A very interesting bird, once an inhabitant of Britain, but now everywhere utterly extinct, is known as the great auk. It was about the size of a goose, but, having very sınall wings, was quite unable to fly. Being a powerful bird with a strong bill and a most accomplished diver, it would have continued to live on in full security but for man's reckless destruction. Unable to rise in the air like other water fowl, and deposit its eggs in security on high ledges of rock, it could only shuffle along some gentle slope to lay its eggs at a safe distance above high-water inark. It was formerly very abundant, and hundreds at a time were taken off the coast of Newfoundland in the first quarter of the seventeenth century. In 1813 it was still abundant on the rocky islands off the coast of Iceland; and in 1844 a couple were caught on an island called Eldey. Since then it has disappeared altogether. The last specimen taken in our islands was caught in a landing-net in Waterford Harbour in 1834, and is now preserved in Trinity College. About seventy-six skins and nine skeletons, with sixty-eight eggs and a few bones preserved in collections, are all the relics we have of the now extinct species.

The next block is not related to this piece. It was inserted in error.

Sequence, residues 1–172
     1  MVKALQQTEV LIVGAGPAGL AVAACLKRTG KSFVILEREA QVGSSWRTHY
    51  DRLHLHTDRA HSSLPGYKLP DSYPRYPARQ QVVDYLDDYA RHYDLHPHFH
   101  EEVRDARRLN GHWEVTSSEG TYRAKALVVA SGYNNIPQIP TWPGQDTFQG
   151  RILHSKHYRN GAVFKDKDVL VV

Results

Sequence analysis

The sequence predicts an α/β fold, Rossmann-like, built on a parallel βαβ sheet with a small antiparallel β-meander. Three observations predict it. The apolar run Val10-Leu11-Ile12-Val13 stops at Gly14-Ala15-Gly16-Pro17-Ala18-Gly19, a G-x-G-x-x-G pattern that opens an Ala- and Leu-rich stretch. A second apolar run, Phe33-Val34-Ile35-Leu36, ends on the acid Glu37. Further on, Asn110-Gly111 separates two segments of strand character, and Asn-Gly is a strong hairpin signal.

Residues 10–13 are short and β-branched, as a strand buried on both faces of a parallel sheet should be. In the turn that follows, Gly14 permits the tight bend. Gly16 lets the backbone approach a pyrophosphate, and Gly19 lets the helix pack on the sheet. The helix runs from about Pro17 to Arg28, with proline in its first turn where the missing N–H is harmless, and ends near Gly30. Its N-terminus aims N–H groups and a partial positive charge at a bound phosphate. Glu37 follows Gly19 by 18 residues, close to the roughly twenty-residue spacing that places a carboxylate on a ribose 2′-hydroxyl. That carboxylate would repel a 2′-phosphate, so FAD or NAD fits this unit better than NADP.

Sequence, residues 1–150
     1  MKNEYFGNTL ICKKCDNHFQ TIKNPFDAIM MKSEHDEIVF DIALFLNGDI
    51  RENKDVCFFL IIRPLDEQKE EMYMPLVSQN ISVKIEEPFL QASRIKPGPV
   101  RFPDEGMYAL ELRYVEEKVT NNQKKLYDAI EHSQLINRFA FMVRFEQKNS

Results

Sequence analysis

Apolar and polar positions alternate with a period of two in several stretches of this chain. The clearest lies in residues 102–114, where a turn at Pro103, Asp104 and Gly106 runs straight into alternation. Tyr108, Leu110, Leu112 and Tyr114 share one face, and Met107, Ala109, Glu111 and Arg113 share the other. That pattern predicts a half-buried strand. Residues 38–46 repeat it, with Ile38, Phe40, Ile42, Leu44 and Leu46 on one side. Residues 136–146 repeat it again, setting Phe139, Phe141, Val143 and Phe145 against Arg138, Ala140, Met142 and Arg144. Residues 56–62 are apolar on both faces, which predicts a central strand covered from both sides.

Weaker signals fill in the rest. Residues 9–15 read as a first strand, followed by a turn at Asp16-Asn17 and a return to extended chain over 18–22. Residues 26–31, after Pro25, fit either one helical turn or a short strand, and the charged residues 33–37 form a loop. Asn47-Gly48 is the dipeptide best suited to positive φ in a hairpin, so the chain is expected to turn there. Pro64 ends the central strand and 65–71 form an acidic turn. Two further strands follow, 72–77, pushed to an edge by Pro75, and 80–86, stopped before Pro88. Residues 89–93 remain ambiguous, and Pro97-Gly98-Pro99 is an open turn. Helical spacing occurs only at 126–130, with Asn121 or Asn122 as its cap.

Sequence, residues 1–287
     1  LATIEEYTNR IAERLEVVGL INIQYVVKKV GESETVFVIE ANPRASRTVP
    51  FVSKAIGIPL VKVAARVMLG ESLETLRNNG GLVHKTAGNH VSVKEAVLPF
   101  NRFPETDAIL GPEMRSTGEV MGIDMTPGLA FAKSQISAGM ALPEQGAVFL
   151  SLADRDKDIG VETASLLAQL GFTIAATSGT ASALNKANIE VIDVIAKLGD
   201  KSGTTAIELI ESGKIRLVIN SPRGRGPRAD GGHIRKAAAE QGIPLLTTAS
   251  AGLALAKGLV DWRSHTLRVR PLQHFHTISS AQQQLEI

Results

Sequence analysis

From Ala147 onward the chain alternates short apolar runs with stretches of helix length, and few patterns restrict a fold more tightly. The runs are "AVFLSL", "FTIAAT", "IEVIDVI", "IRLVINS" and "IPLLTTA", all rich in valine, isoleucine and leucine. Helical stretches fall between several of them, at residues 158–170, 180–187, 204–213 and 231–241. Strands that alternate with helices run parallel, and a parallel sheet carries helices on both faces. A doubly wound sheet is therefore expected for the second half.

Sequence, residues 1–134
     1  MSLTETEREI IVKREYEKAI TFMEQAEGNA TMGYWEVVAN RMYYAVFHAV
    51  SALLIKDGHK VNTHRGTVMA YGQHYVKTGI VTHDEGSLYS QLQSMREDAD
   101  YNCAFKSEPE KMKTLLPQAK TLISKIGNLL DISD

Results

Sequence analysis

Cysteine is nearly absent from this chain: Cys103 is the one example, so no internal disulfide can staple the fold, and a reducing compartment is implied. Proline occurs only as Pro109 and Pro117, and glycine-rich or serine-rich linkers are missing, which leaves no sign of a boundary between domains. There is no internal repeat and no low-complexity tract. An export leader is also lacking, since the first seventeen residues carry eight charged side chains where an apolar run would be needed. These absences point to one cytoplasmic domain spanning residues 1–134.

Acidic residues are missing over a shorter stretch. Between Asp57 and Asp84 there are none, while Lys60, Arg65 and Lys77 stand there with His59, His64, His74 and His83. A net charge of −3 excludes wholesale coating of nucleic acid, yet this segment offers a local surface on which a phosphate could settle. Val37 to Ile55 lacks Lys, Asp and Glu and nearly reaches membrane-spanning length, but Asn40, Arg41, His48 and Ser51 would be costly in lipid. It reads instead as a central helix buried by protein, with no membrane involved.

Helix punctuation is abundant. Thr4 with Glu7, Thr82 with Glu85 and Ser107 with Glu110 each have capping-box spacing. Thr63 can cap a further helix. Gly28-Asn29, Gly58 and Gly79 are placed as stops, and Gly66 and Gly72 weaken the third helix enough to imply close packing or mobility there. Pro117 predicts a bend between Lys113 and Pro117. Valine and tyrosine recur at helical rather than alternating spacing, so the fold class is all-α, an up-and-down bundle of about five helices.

The Labrador duck is another bird which has disappeared, though it lived on till 1852. A very curious handsome starling has become extinct in Mauritius, though, fortunately, a wellpreserved skin of it was acquired by Mr. R. Bowdler Sharpe, and carried by him to the British Museum, where it is most carefully preserved.
The name of this island naturally brings to our recollection the dodo, so generally known by name as a bird which has become extinct in modern times, that is, by the end of the seventeenth century. Another bird, which inhabited the island of Rodriguez, and was larger than a turkey, has also become extinct. It was know as the solitaire, and lived to a somewhat Vol. 171.–No. 342.